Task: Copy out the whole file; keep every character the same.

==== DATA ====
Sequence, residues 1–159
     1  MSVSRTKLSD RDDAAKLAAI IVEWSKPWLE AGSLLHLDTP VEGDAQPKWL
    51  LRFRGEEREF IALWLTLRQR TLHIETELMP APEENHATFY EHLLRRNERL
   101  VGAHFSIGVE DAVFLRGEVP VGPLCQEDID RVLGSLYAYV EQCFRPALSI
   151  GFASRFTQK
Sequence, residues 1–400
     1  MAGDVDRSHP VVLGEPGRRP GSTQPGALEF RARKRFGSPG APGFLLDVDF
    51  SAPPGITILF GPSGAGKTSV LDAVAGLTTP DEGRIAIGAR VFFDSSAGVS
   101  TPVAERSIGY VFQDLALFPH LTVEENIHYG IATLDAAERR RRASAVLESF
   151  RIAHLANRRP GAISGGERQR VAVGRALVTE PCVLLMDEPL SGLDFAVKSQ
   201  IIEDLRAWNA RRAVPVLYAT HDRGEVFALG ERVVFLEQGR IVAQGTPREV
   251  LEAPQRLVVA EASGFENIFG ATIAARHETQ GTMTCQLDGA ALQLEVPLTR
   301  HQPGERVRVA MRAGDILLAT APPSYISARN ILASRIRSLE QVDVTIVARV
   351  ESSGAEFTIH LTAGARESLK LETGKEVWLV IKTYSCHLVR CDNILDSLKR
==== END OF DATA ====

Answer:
Sequence, residues 1–159
     1  MSVSRTKLSD RDDAAKLAAI IVEWSKPWLE AGSLLHLDTP VEGDAQPKWL
    51  LRFRGEEREF IALWLTLRQR TLHIETELMP APEENHATFY EHLLRRNERL
   101  VGAHFSIGVE DAVFLRGEVP VGPLCQEDID RVLGSLYAYV EQCFRPALSI
   151  GFASRFTQK
Sequence, residues 1–400
     1  MAGDVDRSHP VVLGEPGRRP GSTQPGALEF RARKRFGSPG APGFLLDVDF
    51  SAPPGITILF GPSGAGKTSV LDAVAGLTTP DEGRIAIGAR VFFDSSAGVS
   101  TPVAERSIGY VFQDLALFPH LTVEENIHYG IATLDAAERR RRASAVLESF
   151  RIAHLANRRP GAISGGERQR VAVGRALVTE PCVLLMDEPL SGLDFAVKSQ
   201  IIEDLRAWNA RRAVPVLYAT HDRGEVFALG ERVVFLEQGR IVAQGTPREV
   251  LEAPQRLVVA EASGFENIFG ATIAARHETQ GTMTCQLDGA ALQLEVPLTR
   301  HQPGERVRVA MRAGDILLAT APPSYISARN ILASRIRSLE QVDVTIVARV
   351  ESSGAEFTIH LTAGARESLK LETGKEVWLV IKTYSCHLVR CDNILDSLKR